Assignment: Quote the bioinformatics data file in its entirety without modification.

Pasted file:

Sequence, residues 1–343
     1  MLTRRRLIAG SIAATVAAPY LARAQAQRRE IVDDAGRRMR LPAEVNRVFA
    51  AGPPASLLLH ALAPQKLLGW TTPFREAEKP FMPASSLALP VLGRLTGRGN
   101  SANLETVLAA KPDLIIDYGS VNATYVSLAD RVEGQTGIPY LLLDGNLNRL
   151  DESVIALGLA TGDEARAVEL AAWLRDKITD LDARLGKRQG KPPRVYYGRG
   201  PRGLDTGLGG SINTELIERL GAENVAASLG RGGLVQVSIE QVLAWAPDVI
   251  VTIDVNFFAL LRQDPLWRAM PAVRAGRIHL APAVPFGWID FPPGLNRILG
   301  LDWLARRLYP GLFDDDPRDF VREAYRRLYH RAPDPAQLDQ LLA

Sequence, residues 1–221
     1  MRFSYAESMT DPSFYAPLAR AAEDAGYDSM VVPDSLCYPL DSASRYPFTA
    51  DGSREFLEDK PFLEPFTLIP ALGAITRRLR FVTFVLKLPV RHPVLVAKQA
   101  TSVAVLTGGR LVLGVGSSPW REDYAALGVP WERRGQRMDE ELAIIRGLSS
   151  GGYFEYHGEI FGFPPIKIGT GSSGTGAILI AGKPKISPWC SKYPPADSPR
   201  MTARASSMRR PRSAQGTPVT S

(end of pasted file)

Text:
Sequence, residues 1–343
     1  MLTRRRLIAG SIAATVAAPY LARAQAQRRE IVDDAGRRMR LPAEVNRVFA
    51  AGPPASLLLH ALAPQKLLGW TTPFREAEKP FMPASSLALP VLGRLTGRGN
   101  SANLETVLAA KPDLIIDYGS VNATYVSLAD RVEGQTGIPY LLLDGNLNRL
   151  DESVIALGLA TGDEARAVEL AAWLRDKITD LDARLGKRQG KPPRVYYGRG
   201  PRGLDTGLGG SINTELIERL GAENVAASLG RGGLVQVSIE QVLAWAPDVI
   251  VTIDVNFFAL LRQDPLWRAM PAVRAGRIHL APAVPFGWID FPPGLNRILG
   301  LDWLARRLYP GLFDDDPRDF VREAYRRLYH RAPDPAQLDQ LLA

Sequence, residues 1–221
     1  MRFSYAESMT DPSFYAPLAR AAEDAGYDSM VVPDSLCYPL DSASRYPFTA
    51  DGSREFLEDK PFLEPFTLIP ALGAITRRLR FVTFVLKLPV RHPVLVAKQA
   101  TSVAVLTGGR LVLGVGSSPW REDYAALGVP WERRGQRMDE ELAIIRGLSS
   151  GGYFEYHGEI FGFPPIKIGT GSSGTGAILI AGKPKISPWC SKYPPADSPR
   201  MTARASSMRR PRSAQGTPVT S